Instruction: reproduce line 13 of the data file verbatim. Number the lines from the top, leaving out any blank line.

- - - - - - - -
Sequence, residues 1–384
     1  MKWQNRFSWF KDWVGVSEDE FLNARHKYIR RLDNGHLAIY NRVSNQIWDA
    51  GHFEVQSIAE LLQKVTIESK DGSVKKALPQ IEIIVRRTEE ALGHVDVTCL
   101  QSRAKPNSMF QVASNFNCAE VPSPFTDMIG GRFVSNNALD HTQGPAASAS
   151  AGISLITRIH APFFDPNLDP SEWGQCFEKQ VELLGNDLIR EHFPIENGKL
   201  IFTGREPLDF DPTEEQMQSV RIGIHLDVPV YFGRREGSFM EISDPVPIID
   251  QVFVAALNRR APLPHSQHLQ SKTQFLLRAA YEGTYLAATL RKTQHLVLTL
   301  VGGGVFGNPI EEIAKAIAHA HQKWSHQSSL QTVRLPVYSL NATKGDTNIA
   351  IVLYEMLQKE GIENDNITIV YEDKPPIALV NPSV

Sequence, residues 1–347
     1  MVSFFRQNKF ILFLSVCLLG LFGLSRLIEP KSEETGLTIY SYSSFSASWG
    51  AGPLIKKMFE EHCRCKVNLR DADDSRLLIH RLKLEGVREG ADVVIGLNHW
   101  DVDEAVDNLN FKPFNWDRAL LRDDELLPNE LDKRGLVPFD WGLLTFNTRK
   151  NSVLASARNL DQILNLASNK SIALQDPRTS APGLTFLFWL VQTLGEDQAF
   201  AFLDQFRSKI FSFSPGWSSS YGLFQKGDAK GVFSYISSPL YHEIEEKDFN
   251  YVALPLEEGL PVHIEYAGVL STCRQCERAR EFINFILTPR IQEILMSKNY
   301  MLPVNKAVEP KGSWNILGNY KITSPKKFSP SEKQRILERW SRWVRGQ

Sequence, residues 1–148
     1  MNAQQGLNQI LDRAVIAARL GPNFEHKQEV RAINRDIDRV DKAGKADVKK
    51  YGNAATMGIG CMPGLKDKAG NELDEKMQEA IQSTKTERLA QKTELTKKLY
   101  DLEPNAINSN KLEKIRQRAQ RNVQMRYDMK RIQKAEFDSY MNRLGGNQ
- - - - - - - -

   101  DVDEAVDNLN FKPFNWDRAL LRDDELLPNE LDKRGLVPFD WGLLTFNTRK